Here’s where the likes of Google have been stung in the past – there is no specified process for making a valid Article 17 request.
Individuals can submit a request verbally or in writing to anyone or any point of contact in your company. They don’t need to use any particular language or mention ‘Article 17’ or ‘the right to erasure’.
As long as their request adheres to the list of data scenarios above, your company is responsible for ensuring the erasure process is followed through.
What action should a company take when they receive an Article 17 request?
Once a request for deleting personal data is received and recognized as valid, you need to start the process of erasing the specified data from live and backup systems with ‘undue delay’.
From the moment you receive a request, it’s important to let the data subject know the exact processes you’ll be taking and the timeline you’ll be following so they feel confident in and assured by your actions.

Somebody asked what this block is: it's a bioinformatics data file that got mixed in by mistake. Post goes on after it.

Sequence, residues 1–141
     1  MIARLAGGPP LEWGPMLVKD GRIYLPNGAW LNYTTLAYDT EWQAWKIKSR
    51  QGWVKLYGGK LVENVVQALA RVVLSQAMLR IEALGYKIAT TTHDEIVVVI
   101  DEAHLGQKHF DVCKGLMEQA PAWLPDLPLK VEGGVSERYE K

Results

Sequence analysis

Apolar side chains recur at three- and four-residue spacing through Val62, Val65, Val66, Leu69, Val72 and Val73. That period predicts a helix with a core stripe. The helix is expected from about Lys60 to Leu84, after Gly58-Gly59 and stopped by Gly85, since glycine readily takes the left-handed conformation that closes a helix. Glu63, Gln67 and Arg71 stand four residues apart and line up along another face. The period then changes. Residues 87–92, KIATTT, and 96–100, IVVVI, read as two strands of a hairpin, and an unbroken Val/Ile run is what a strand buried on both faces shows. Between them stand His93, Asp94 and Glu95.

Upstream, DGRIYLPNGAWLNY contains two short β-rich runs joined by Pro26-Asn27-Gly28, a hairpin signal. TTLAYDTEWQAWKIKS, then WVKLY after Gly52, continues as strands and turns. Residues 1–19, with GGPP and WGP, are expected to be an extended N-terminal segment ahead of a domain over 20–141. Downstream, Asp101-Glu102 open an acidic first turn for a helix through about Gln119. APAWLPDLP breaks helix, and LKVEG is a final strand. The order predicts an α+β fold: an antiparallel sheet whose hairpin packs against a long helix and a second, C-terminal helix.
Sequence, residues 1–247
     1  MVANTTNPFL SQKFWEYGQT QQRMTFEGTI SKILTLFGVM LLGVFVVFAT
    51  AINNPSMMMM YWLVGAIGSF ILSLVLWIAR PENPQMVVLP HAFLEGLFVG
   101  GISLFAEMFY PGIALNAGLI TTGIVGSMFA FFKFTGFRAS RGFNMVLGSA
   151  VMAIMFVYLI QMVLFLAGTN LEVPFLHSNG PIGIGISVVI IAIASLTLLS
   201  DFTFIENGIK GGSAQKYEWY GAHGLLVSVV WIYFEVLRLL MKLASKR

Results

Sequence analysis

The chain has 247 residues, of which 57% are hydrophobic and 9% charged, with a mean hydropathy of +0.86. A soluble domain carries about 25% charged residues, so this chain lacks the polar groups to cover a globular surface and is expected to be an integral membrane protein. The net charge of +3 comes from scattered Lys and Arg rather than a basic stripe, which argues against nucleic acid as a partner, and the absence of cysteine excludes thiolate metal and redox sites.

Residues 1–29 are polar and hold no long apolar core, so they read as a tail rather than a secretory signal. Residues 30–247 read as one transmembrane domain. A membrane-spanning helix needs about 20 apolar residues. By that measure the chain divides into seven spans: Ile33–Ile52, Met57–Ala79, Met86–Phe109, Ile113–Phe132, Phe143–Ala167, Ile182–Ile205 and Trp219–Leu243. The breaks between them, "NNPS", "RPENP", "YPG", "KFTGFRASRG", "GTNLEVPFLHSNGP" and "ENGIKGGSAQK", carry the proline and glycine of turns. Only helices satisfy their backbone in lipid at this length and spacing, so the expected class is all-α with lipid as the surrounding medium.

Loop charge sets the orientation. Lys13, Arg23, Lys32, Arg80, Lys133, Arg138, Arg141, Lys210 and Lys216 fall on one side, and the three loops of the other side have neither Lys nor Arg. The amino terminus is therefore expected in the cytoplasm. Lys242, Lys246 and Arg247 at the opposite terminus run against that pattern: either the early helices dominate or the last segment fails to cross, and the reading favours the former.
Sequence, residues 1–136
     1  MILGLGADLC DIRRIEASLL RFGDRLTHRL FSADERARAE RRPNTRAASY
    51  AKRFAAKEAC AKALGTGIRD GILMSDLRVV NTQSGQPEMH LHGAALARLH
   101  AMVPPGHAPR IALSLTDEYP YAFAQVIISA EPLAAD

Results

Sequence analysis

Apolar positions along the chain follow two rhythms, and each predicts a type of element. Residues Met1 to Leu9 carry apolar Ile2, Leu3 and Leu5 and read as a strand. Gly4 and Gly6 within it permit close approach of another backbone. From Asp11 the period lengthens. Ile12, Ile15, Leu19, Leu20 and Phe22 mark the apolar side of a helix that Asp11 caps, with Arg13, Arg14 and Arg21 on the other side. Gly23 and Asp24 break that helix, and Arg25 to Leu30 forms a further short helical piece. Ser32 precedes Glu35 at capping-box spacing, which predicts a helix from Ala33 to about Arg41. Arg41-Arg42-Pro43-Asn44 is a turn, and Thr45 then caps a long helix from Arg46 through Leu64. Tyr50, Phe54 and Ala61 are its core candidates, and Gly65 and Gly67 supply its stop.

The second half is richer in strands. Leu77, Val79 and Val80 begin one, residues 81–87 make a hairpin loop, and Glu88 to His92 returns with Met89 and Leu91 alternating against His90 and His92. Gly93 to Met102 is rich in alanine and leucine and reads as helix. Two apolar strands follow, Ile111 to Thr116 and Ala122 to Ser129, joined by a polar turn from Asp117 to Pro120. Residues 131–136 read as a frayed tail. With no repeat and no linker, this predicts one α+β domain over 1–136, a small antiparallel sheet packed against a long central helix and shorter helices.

For example, you may be able to delete their data immediately from a live system but unable to access your backup system until a later date.
Make sure you clearly communicate when the data will be deleted and in the meantime, mark this data ‘beyond use’ so it is not used for any additional purposes.
At the very latest, ‘undue delay’ means complying within a month of the request, or within a month of receiving the information you need to confirm an individual is the owner of the data.
If a request is complex or excessive, you’re entitled to a couple of extra months to make sure the data is deleted. In this instance, you may also be eligible to charge the data subject an admin fee.